For the 2021-22 academic year, Huh holds the Fulbright Canada Distinguished Research Chair in Entrepreneurship at Carleton University in Ottawa, Canada. The grant allows him to present his research at workshops and seminars at Carleton and funds his research on the effect of prescription drug approvals on financial markets.
Throughout his distinguished academic career, Huh has also won several awards from the Financial Management Association (FMA) and at international conferences—including another accolade for Best Paper in Market Microstructure at the 2021 FMA Annual Meeting.
Read more at bit.ly/huh-fulbright.
Old newspapers provide a window into our past, and a new algorithm co-developed by a School of Management researcher is helping turn those historic documents into useful, searchable data.
Published in Decision Support Systems, the algorithm can find and rank people’s names in order of importance from the results produced by optical character recognition (OCR), the computerized method of converting scanned documents into text that is often messy.
“It’s a known fact that when OCR software is run, very often the text gets garbled,” says Haimonti Dutta, assistant professor of management science and systems. “With old newspapers, books and magazines, problems can arise from poor ink quality, crumpled or torn paper, or even unusual page layouts the software isn’t expecting.”
To develop the algorithm, the researchers partnered with the New York Public Library (NYPL) and analyzed more than 14,000 articles from New York City newspaper The Sun published during November and December of 1894. The NYPL has scanned more than 200,000 newspaper pages as part of Chronicling America, an initiative of the National Endowment for the Humanities and the Library of Congress that is working to develop an online, searchable database of historical newspapers from 1777 to 1963.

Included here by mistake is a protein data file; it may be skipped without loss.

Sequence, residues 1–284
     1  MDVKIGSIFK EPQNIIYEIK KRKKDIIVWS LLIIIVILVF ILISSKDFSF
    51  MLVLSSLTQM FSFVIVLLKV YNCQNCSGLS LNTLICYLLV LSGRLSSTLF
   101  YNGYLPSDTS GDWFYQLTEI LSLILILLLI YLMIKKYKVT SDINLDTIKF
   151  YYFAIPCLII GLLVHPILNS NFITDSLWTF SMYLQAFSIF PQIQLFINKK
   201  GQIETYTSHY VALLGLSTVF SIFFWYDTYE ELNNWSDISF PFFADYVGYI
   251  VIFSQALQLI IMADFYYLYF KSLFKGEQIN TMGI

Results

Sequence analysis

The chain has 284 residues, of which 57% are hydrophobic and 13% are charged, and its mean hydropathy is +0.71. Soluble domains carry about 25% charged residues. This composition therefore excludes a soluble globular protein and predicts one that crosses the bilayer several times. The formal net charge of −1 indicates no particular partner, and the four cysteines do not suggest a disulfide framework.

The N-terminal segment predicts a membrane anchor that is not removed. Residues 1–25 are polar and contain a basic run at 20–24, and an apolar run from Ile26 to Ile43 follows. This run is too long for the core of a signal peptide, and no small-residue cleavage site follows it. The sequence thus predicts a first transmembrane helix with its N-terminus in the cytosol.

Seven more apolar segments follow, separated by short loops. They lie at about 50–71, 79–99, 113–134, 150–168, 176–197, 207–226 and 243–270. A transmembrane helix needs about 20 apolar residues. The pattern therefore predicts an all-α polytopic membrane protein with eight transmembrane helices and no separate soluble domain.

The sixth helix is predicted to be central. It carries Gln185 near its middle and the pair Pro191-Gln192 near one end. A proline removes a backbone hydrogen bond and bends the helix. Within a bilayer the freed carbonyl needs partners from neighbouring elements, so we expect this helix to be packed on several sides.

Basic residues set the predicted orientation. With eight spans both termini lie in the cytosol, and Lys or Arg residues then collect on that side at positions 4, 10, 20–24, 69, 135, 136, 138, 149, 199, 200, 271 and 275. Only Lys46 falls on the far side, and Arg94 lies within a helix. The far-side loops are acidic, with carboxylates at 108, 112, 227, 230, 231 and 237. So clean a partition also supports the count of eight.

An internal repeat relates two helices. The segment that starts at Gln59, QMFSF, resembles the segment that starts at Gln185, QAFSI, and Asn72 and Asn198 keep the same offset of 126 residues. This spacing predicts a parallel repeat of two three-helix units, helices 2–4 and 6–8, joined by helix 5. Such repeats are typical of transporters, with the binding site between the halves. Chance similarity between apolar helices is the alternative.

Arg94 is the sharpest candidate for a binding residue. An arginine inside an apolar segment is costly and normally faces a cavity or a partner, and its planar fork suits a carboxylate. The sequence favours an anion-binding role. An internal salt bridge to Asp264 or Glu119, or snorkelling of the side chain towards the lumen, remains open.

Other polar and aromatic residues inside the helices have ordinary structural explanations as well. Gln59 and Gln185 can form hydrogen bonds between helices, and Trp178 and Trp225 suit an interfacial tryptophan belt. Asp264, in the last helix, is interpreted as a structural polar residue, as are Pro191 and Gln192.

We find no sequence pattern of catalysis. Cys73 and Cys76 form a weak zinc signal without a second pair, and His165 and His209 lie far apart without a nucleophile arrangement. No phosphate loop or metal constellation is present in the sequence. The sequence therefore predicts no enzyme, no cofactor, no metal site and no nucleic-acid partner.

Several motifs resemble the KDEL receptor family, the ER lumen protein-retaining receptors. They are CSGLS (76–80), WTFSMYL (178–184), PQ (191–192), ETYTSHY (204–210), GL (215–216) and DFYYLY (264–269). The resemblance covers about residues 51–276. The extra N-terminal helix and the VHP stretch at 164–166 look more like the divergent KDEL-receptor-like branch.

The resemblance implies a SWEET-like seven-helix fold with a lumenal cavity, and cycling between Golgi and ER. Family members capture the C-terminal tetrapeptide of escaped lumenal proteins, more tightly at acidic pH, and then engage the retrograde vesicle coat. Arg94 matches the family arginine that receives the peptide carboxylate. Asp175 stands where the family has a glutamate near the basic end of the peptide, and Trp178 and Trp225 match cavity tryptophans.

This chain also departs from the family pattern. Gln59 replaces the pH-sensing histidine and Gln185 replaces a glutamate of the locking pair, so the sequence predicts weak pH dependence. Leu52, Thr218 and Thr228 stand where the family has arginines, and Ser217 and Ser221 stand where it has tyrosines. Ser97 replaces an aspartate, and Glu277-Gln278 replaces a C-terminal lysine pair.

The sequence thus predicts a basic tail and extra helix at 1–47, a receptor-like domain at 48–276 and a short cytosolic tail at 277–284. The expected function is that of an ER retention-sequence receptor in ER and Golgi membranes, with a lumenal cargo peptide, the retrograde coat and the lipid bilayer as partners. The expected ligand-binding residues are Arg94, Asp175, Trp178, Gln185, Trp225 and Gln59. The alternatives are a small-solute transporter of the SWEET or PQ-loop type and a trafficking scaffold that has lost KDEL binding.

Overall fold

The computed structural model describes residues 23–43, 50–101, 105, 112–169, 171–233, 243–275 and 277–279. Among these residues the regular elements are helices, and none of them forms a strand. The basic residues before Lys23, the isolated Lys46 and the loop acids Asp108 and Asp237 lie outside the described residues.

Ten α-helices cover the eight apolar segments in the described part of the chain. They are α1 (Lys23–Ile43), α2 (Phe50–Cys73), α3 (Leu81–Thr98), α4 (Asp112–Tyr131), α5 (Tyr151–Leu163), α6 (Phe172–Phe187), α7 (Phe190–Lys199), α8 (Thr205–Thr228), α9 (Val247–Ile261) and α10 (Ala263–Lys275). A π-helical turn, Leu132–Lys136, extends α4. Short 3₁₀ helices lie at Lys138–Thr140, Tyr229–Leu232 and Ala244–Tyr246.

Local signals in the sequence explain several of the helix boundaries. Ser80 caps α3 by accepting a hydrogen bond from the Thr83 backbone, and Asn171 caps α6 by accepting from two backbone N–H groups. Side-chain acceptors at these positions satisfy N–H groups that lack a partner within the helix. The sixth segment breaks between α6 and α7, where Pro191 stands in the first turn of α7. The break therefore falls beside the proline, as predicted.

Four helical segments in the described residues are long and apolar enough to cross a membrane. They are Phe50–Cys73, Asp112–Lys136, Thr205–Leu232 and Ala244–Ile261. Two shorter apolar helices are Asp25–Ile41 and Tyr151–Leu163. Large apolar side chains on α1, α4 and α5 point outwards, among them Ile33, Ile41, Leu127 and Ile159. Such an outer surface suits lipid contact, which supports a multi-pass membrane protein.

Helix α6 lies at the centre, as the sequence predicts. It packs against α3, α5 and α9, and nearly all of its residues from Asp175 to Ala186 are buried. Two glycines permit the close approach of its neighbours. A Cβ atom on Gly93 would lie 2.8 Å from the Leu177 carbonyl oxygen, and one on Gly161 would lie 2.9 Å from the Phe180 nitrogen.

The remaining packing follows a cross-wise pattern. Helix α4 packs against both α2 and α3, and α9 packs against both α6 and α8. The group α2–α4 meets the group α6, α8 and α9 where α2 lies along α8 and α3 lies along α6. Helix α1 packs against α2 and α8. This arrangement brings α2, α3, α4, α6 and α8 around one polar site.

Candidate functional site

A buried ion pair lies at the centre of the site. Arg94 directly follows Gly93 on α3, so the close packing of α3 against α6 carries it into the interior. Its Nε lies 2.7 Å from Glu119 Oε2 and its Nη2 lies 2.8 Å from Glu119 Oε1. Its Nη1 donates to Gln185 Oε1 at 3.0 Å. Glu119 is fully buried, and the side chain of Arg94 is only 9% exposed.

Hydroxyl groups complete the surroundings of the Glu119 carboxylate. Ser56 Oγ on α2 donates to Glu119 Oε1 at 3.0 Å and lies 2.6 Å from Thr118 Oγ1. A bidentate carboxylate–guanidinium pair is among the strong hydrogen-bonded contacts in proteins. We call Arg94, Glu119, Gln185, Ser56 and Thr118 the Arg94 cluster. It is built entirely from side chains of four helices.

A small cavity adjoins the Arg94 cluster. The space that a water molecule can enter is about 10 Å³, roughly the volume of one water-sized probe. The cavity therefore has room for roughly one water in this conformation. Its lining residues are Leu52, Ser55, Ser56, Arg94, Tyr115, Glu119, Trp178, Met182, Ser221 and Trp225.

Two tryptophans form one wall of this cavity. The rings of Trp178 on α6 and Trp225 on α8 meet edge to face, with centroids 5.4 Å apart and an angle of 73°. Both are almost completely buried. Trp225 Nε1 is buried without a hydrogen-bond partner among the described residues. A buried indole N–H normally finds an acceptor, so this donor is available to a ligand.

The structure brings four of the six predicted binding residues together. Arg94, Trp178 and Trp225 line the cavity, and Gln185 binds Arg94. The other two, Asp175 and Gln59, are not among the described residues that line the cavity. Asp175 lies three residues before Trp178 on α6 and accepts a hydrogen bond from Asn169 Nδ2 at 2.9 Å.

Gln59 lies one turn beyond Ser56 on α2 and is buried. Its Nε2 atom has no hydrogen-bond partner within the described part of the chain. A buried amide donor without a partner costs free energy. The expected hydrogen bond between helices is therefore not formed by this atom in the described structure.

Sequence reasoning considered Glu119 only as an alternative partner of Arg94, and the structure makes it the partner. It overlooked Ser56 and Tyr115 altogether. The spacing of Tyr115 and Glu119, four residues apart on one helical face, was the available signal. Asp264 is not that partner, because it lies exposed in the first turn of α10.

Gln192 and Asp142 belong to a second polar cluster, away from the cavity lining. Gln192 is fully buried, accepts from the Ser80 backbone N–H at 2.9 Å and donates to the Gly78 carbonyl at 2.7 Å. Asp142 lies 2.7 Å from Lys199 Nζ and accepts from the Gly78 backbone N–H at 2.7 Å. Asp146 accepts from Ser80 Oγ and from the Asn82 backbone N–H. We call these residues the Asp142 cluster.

Their algorithm ranks people’s names by importance based on a number of attributes, including the context of the name, title before the name, article length and how frequently the name was mentioned in an article.
The algorithm learns these attributes only from the text—it does not rely on external sources of information such as Wikipedia or other knowledgebases. But since the OCR text is garbled, it can’t determine how effective these attributes are for ranking people’s names. So the researchers used statistical measures to model the many data attributes, which helped provide the desired ranking of names.
The researchers used two sets of the historic articles to test their algorithm: One set was the raw text produced from the OCR software, the other set had been cleaned up manually by New York City schoolchildren, who are using the articles to write biographies of local, notable people of the time.
When compared to the cleaned-up versions of the stories, the ranking algorithm is able to sort people’s names with a high degree of precision even from the noisy OCR text.
Dutta says their process has wide-reaching implications for discovering important people throughout history.
“We recently used this technique on African American literature from the Civil War to learn more about noteworthy people during the era of slavery,” says Dutta. “Going forward, we’ll be expanding the technique to examine relationships between people and build out the social networks of the past.”